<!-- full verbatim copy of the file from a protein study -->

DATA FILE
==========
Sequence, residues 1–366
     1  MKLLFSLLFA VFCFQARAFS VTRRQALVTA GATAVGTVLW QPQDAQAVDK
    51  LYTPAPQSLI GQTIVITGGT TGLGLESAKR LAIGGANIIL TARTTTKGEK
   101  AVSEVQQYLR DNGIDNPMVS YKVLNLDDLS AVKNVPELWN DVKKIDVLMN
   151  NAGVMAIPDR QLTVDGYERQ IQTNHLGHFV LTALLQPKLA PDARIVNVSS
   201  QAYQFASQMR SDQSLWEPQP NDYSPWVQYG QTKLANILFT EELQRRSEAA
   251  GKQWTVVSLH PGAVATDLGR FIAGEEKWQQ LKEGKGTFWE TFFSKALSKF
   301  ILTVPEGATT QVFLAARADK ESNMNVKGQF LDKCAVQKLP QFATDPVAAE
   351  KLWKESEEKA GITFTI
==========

Sequence, residues 1–366
     1  MKLLFSLLFA VFCFQARAFS VTRRQALVTA GATAVGTVLW QPQDAQAVDK
    51  LYTPAPQSLI GQTIVITGGT TGLGLESAKR LAIGGANIIL TARTTTKGEK
   101  AVSEVQQYLR DNGIDNPMVS YKVLNLDDLS AVKNVPELWN DVKKIDVLMN
   151  NAGVMAIPDR QLTVDGYERQ IQTNHLGHFV LTALLQPKLA PDARIVNVSS
   201  QAYQFASQMR SDQSLWEPQP NDYSPWVQYG QTKLANILFT EELQRRSEAA
   251  GKQWTVVSLH PGAVATDLGR FIAGEEKWQQ LKEGKGTFWE TFFSKALSKF
   301  ILTVPEGATT QVFLAARADK ESNMNVKGQF LDKCAVQKLP QFATDPVAAE
   351  KLWKESEEKA GITFTI